Choose your hat.

Primarily, the article is about hats. In a small business, it’s sometimes difficult to be clear about your role at any given time. But, if you’re both a shareholder and a part of the leadership team – it’s so important to have absolute clarity about which of those roles you’re playing when attending meetings or having conversations with your team. 

So, what do each of your hats mean? 

The shareholder hat

Your job as a founder / shareholderis ultimately to drive stakeholder value in your business. These ambitions usually centre around maximising profit, or perhaps you have a vision to become an amazing place to work or even to ‘do good’. They are horizon gazing missions that define what your teams do. 

The leadership team hat

Your job as part of the leadership team is to be outward facing, directing the company and creating and executing a plan that will deliver stakeholder goals. You are accountable for delivering projects that align with and will satisfy shareholder ambitions. 

Operational hat

This one is rarer, but there are instances whereby  you might be a shareholder, part of the leadership team and part of the operational team – one of my clients is also Head of Creative within their business. In this instance, the same rules apply – be clear on your role at that time, and deliver the plan in alignment to shareholder ambitions accordingly. 

At first glance, these definitions might not seem tremendously different, or indeed problematic if they occasionally blur into one another – but when you’re working both on and in your business – you must identify which hat you are wearing at all times – and hold yourself accountable for that. 

Imagine this… you’re attending a leadership team meeting, but you’re in the room acting as a key shareholder. You’re being directive – perhaps even bullish, driving the agenda on your own terms. In being so, your voice trumps everyone else’s in the room. Not only might your behaviour in the context of this meeting verge on aggressive, but it’s also essential you understand that to effectively be part of the leadership team, you need to be focused on the plan to deliver shareholder value – contributing to the direct, outward action. You must agree to be part of the collaborative effort. Forthright, shareholder views that do not help deliver the action behind the vision are not welcome here.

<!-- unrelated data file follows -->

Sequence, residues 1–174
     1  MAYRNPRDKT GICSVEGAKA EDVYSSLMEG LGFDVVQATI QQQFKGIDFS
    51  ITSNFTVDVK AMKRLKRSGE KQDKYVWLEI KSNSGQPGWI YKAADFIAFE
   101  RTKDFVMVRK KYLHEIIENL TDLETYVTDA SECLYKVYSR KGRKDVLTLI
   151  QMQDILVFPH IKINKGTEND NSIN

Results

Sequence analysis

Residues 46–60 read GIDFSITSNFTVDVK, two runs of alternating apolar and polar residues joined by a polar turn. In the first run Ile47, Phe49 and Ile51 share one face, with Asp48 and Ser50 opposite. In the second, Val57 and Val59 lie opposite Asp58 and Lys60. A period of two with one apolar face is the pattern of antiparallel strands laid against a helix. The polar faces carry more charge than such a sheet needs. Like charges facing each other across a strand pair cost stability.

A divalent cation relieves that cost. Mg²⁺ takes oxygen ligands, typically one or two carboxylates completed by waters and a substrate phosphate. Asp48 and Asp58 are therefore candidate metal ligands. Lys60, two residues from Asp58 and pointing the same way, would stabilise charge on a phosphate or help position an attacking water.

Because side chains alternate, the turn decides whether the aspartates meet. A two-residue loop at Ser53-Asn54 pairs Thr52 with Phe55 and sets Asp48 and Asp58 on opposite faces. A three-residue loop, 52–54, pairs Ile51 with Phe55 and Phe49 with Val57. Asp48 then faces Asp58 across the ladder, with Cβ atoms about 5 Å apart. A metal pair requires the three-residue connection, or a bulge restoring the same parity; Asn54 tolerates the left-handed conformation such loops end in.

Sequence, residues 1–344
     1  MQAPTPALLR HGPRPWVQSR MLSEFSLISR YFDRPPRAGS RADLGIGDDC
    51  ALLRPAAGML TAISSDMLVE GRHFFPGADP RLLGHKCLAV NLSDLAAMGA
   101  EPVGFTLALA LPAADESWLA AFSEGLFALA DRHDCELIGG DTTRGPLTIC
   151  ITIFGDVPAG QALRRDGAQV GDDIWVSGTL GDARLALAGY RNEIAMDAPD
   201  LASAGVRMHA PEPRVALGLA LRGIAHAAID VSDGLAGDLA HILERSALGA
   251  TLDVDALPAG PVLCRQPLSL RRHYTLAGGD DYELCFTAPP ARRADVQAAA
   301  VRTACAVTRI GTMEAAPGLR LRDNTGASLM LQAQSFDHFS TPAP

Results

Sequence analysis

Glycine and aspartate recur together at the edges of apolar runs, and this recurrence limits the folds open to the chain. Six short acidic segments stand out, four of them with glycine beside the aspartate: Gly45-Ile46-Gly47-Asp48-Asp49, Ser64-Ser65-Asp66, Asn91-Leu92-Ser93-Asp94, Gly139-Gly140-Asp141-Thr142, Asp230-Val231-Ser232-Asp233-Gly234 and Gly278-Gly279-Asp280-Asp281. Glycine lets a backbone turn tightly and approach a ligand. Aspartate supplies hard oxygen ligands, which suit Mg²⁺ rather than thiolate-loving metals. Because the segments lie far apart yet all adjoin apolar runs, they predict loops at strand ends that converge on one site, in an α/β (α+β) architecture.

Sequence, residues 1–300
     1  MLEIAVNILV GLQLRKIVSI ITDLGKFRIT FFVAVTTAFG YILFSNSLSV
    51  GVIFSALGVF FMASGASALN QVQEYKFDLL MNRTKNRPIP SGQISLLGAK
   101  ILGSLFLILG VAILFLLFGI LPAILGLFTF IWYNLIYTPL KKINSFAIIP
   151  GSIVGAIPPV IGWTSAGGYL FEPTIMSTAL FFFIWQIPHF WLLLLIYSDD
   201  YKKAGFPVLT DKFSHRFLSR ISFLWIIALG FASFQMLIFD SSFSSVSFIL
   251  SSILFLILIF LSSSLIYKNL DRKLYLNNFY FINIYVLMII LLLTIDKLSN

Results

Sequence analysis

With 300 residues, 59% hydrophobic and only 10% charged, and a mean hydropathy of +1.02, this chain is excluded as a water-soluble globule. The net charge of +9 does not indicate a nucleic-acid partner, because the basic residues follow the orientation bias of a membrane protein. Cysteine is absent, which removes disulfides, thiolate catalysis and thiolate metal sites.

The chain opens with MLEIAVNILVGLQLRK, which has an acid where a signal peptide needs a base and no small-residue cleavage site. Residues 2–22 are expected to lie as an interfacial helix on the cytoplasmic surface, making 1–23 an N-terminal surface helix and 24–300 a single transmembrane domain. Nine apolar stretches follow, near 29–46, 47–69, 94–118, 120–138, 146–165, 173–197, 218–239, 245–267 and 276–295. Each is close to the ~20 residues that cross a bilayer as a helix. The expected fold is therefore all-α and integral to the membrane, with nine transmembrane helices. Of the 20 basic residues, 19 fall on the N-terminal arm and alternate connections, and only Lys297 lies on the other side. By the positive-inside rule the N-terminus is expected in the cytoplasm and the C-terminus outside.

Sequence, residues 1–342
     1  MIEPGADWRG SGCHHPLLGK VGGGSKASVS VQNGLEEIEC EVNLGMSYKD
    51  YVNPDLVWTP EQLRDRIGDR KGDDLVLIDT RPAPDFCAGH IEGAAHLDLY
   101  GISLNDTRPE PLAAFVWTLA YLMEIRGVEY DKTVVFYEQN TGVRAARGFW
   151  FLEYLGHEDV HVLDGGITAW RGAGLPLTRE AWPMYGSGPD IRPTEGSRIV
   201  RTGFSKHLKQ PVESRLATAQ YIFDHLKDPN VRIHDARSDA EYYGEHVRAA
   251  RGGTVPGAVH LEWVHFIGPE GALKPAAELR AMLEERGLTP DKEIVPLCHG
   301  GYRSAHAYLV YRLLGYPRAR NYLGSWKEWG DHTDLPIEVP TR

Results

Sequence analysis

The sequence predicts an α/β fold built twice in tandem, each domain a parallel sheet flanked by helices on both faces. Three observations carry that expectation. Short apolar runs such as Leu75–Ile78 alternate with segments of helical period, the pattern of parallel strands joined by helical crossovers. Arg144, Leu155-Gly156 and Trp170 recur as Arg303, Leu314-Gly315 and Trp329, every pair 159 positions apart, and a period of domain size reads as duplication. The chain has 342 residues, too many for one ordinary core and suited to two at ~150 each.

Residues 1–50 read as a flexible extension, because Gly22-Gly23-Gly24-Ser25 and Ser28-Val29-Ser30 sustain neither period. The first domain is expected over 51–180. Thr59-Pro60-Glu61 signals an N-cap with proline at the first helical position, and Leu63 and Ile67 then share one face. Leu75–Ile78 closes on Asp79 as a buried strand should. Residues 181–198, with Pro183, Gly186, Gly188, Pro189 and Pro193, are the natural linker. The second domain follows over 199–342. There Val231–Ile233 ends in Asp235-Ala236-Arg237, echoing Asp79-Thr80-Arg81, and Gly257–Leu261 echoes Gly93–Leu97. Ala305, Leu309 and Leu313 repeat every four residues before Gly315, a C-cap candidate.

How to make sure you define your ‘hat’

Tell people.

Make it your job to tell people which hat you are wearing at any given time. If you’re in a leadership meeting, make sure everyone knows you are there as part of just that. If you’re having a one-to-one meeting who is also on your leadership team – be gracious enough to tell them that you are speaking as either a shareholder, or as part of the LT. Are you talking to them about the ambition of the business, or about how to achieve that ambition? It matters not only for them, but it also helps you to focus on what you need to be saying and delivering – without unhelpfully swerving off course. 

Be clear about your role in the meeting

Be very clear in any meeting you attend the capacity in which you are there, and also be clear about your expertise and accountability during those meetings. 

Agendas matter.

I am a huge advocate for agendas, in fact I dislike meetings that don’t have one. In a leadership team meeting the agenda should be about leadership team activity, NOT shareholder agenda. 

Sidenote (there’s always a sidenote)

Often, though not always, in a small business it is the founder who is most expert or has most expertise in the leadership team. There’s a danger to interpret that every voice in the leadership team holds equal weight, on every matter. This is what I would call democratising leadership, and it rarely brings the best outcomes. You do not need to be entirely diplomatic – focusing on deploying your expertise and experience to advantage the entire team. Equally, you need to recognise others expertise and experience – when they trump your own.   

Final point… don’t be one of those founder/shareholders who floats in with a ‘don’t mind me, I’m just here to listen’… I guarantee your team won’t thank you for it.

You cannot wear two, or even three hats in the same meeting because – both metaphorically and practically – it looks ridiculous. 

I hope this gets you thinking about which hat you’re wearing today. 

Andy.

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